Over the past couple of years, I’ve assembled from many different sources what I think is an amusing set of observations on getting old – an art that I’ve been working on for the last 30,000 days or so.  Having just lost two very valued friends and learning that another two of them are about to pass away as well, I’d like to share this with SWIFT readers.  I’m well aware that the topic isn’t of the sort that usually appears here, but I have to admit that I’ve been very lax in contributing to this giddy site, and I promise to appear here much more frequently from now on, since things have now somewhat stabilized for me...   


I’m old, and I can prove it just from the fact that I know certain things with which most of you won’t be familiar.  Hey, I’m so old that I remember when folks used to eat at a place called “at home,” where Mom cooked every day and when Dad got home from work, the family sat down together at the dining room table.  I even remember a time when some parents didn’t own their own house, wear Levis, go to a golf course on Sundays, travel outside of the country or have even one credit card. My parents never drove me to school, can you imagine that? To get to school, I had a ratty old bicycle that weighed probably 50 pounds, and that kept me fit and trim with its one speed – slow.  We didn't have a television receiver in our house, it was a big box called a “radio,” and on nights when I got through my homework, we often sat around it until the stations went off the air after playing the national anthem and some sappy poem about God; they came back on at about 6 a.m.

I never had a telephone in my room, or even thought about such a thing. The only phone we had was on a “party line,” and before I dialed, I had to listen to make sure that some people I didn't know weren't already using the line.

I’d never even heard of pizzas, so they were not delivered to our home, as if that were imaginable...  But milk was, every morning, and in glass bottles, on the back porch.  All newspapers were delivered by boys and just about all boys delivered newspapers, though I didn’t.  I was reading, somewhere out of sight.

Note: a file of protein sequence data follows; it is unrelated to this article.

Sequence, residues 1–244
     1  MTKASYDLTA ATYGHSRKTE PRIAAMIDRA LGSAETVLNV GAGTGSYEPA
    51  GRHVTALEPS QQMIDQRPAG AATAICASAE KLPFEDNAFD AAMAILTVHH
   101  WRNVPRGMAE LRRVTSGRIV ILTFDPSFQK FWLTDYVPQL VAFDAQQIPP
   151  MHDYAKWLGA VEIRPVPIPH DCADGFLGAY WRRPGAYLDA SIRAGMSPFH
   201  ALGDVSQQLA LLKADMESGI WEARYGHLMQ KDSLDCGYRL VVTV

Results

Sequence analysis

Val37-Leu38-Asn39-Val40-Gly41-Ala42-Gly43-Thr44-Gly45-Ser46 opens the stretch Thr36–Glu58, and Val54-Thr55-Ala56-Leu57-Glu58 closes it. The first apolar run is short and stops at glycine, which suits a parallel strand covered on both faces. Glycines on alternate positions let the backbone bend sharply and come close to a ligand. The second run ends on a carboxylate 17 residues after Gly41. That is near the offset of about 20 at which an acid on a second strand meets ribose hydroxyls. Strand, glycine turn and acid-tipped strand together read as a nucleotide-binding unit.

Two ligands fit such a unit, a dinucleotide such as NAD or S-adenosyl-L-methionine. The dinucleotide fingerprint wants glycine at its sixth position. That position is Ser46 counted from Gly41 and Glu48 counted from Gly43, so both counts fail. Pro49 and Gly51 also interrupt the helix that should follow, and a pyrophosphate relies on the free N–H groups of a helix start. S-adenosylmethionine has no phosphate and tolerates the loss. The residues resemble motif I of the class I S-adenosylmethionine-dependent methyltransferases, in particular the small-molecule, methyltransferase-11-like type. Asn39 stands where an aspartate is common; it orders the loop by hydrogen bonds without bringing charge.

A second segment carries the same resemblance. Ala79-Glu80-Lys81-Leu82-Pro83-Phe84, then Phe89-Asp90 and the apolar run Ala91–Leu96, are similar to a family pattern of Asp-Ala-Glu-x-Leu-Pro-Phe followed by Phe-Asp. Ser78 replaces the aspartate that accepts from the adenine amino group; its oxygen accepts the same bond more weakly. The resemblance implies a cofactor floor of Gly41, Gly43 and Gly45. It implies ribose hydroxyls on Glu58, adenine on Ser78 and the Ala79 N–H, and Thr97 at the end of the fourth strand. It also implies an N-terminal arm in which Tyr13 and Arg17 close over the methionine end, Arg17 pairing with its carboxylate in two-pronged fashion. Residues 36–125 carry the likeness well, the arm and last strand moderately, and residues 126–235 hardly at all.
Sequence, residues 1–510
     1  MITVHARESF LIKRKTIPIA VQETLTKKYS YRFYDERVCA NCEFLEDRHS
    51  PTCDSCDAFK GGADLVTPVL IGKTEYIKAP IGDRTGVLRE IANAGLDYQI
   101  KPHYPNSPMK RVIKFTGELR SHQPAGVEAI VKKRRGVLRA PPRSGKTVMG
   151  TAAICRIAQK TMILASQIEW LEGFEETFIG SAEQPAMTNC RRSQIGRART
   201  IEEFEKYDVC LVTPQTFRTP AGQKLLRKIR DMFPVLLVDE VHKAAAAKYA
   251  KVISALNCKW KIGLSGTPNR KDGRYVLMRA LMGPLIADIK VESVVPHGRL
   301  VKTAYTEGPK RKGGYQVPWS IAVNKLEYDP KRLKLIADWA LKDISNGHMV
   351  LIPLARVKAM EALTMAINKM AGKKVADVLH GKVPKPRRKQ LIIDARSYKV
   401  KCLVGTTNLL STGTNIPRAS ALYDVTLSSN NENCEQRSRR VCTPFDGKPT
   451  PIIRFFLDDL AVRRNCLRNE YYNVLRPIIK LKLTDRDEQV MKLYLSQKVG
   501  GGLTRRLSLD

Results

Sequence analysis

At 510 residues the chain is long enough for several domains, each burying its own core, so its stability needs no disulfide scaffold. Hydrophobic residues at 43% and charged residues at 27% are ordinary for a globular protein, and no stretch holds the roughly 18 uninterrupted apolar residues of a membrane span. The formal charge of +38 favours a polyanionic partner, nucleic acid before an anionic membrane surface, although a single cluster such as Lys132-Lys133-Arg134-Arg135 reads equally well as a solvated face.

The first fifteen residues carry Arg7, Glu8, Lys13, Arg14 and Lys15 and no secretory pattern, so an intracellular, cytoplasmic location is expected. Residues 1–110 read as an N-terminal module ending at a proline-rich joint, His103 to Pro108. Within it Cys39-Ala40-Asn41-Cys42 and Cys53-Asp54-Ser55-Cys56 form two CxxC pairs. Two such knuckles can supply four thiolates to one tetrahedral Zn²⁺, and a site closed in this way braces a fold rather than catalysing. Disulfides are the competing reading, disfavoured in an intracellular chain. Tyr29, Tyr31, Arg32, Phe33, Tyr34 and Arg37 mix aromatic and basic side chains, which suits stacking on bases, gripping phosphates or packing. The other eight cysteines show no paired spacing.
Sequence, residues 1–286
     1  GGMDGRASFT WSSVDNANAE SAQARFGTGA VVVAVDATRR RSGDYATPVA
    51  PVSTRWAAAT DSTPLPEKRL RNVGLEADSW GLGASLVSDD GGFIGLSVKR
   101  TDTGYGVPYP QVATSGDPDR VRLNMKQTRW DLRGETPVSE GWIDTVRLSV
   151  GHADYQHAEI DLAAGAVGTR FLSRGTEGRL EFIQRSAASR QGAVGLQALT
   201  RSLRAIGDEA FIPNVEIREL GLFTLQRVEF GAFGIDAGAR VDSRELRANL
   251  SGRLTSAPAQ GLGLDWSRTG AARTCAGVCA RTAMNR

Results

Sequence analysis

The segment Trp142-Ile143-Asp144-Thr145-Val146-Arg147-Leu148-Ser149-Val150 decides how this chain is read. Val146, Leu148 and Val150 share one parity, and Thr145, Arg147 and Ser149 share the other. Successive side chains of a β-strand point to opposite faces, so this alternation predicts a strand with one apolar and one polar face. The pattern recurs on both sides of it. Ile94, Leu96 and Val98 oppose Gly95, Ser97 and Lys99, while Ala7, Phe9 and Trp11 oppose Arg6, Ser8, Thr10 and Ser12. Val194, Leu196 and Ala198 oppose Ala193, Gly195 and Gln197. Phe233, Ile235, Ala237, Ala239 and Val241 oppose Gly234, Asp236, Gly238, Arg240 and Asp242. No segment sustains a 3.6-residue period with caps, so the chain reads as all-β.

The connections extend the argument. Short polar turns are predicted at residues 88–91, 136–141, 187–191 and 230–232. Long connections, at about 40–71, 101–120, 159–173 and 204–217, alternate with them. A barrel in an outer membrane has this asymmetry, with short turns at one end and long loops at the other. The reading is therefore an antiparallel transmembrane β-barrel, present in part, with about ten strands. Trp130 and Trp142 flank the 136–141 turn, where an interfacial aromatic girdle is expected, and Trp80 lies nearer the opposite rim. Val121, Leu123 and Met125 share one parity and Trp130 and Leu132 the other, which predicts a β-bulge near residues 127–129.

Back then, movie stars kissed with their mouths shut. At least, they did in the movies. There were no movie “ratings” because all movies were responsibly produced for everyone to enjoy viewing, without profanity or violence or anything blatantly offensive.

We didn't even have a steam iron or a clothes dryer.  Mom hung the laundry on a rope that was called a “clothes line.”  Man, I am old.  

But how about you?  Do you remember things like candy cigarettes, coffee shops with table side juke boxes, newsreels that played in the theater before the movie, and – later on – TV test patterns that came on at night after the last show? How about peashooters, or a kids’ TV show with Mister Mac or Uncle Don – whatever – maybe even a show called Wonderama...?  How about 45 RPM records, “hi-fi's,” metal ice trays with a lever, blue flashbulbs on cameras, Ford Consuls, wash tub wringers, headlight dimmer switches on the floor of the car, and ignition switches on the dashboard?  Did you or your brother wear pant leg clips for bicycles without chain guards, and did your Dad use hand signals for a car without turn signals?  Did a traffic policeman ever give your dad driving directions and then tip his cap to him?

Along the way to my getting to be older than dirt, I’ve managed to meet just about everyone I ever really wanted to meet – except for Peter Ustinov, Margaret Rutherford, and Nelson Mandela – though the latter is still within my reach…  I have to urge my readers to pursue the possibility of meeting such people.  It’s rewarding to do so, exchanging a few thoughts with them, just dropping a few words of thanks, saying that you’re glad they inhabited the world when you happened to be around.  I’ve had that happen to me, and I’ve never turned away from such an encounter without renewed purpose and inspiration.  Rich or poor, old or young, famous or not, everyone has a thing or two to teach others, even though it just may be a bad example of something to shun.  I’ve watched stone masons at work, studied my paternal grandfather as he finished off a replacement armrest for an antique chair, and been transfixed by an electrician snaking wires through a wall to fix a chandelier – and I’ve learned from each and every such observation.

Do you encourage kids to pay attention to the world around them?  I hope so.  The function of the JREF is to equip you to prepare them with the ability to think critically about what they will observe, to wonder whether what they see might be better accomplished, and to thereby improve their own skills.  In particular, we want you to be able to inspire the young to become involved, to participate, to be excited, over what they see around them. It can be done, and you can do it.

Now, about that sputtering chandelier you mentioned…